Humans Positive and Negative Impacts on Climate Change
Mar29

Humans Positive and Negative Impacts on Climate Change

Protecting the environment is one of the most important battles the U.S. faces in the coming years. If the high rate of pollution continues, there will be grave consequences not just in the U.S., but across the entire planet. Carbon-emitting machines like cars are a significant contributor to the global pollution rate. Vehicle neglect, for instance, is a major problem for the environment, and one that’s easily preventable. Not only does vehicle neglect cost the U.S. economy $2 billion a year, it can lead to more carbon emissions being discharged into the air from faulty exhaust systems. Luckily, there are programs trying to phase-out the use of gasoline in the near future, like New York Governor Andrew Cuomo’s plan to reduce greenhouse gas emissions by 40% by 2030. Environment News Service reports that Gov. Cuomo’s campaign will focus on electronic vehicles by adding charging stations, employer incentives for employees making the switch to electric, and general outreach. “This multi-pronged campaign will help in this administration’s efforts to fight climate change, strengthen infrastructure to support the use of electric cars, and help reduce New York’s carbon footprint on our roadways,” said Governor Cuomo. “With these actions, we are taking another step toward a cleaner, greener, and more sustainable New York for all.” Unfortunately, despite these attempts, there is still a long way to go to improve the damage that’s already been done to the environment. According to Inside Science, humans have been causing serious environmental issues for decades. Simple things like improperly discarding plastic bags are even causing major issues, as 10% of the debris that ends up polluting the U.S. coastline is from plastic bags. In addition to carbon emissions, plastic waste, and overflowing landfills, one of the most damaging pollutants is aerosol spray. A potential silver lining, however, is that the aerosol spray, although dangerous, might actually help increase Arctic sea ice. Researchers have found that between 1950 and 1975, certain types of air pollution actually counteracted the effects of greenhouse gases that have been melting the polar ice caps. “I think what it’s telling us is that humans had an impact on the Arctic much earlier than had been though,” said John Fyfe, senior scientist at Environment and Climate Change Canada and one of the lead authors of the study. Andre Mahoney, a sea ice geophysicist at the University of Alaska wants to emphasize the importance of continued research on this topic. “When we try to do an environmental accounting of the impacts of our activities,” said Mahoney. “[We] need to be very broad in our thinking about what to...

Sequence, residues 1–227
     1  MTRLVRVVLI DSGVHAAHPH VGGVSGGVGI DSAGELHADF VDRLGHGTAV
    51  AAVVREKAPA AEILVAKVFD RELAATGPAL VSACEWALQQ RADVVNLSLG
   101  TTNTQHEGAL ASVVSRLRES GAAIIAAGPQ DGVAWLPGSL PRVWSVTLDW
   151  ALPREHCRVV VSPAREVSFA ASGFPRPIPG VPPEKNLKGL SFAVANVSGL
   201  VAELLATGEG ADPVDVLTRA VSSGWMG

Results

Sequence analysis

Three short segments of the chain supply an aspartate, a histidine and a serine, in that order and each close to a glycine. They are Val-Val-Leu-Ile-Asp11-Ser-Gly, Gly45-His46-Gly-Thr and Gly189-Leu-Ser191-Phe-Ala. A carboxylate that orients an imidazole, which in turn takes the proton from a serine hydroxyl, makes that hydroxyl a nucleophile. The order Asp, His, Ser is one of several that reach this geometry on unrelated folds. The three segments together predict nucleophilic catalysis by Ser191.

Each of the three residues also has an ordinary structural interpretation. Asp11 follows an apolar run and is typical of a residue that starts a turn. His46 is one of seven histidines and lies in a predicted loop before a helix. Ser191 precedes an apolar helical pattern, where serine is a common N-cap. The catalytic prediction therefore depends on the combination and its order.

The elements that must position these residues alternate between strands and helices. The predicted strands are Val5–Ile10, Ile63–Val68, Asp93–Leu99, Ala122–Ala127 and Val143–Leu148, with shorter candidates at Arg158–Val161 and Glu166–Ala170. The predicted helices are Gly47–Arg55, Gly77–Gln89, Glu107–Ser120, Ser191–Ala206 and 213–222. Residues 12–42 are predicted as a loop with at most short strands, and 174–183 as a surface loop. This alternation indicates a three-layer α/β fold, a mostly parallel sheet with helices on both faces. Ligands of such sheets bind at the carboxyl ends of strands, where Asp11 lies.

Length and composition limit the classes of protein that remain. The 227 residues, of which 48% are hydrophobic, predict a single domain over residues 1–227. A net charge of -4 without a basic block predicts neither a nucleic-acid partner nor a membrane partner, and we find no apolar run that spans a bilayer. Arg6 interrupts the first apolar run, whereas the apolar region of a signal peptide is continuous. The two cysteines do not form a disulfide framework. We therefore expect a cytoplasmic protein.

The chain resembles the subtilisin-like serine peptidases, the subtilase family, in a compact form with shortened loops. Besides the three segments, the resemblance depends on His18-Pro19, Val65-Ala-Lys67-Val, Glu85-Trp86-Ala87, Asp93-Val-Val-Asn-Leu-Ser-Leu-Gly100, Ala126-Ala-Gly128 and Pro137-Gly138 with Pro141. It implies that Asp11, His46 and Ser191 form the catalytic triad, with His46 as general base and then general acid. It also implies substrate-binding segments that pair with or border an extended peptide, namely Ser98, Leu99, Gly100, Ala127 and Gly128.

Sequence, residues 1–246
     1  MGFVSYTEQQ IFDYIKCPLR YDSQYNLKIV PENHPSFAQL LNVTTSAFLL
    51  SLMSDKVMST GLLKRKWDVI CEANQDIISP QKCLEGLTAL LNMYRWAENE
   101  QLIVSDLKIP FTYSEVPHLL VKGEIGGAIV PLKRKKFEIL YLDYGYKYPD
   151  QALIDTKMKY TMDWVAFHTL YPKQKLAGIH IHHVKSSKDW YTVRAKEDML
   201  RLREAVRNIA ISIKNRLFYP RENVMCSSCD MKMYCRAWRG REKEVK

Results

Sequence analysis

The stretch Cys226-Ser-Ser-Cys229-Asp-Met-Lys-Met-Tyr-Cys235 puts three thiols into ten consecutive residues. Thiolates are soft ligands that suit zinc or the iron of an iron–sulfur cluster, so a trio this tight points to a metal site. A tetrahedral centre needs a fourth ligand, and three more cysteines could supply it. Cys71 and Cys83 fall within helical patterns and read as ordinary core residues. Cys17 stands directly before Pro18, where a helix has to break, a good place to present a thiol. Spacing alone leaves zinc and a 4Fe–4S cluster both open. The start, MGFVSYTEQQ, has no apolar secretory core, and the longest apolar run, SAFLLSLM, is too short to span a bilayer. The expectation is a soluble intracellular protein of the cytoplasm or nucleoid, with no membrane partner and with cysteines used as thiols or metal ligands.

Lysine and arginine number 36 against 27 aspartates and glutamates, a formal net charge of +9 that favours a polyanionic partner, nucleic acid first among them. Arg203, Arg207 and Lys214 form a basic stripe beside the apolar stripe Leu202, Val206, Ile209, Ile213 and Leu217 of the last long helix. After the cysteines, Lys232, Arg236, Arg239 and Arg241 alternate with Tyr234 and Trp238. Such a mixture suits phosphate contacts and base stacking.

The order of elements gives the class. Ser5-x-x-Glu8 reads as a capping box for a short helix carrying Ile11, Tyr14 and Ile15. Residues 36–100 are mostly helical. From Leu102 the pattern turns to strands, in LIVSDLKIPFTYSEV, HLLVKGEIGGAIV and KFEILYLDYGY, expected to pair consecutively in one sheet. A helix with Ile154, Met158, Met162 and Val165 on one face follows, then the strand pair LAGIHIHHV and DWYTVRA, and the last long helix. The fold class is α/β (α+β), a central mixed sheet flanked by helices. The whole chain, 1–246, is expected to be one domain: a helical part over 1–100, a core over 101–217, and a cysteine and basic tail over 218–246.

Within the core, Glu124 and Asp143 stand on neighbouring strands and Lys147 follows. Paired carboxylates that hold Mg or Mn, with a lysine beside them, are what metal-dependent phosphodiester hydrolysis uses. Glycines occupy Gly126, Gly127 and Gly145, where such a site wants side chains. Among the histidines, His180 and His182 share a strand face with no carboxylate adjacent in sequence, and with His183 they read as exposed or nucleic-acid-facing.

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“A Day Without Immigrants” Protest Has Unexpected Outcome
Mar03

“A Day Without Immigrants” Protest Has Unexpected Outcome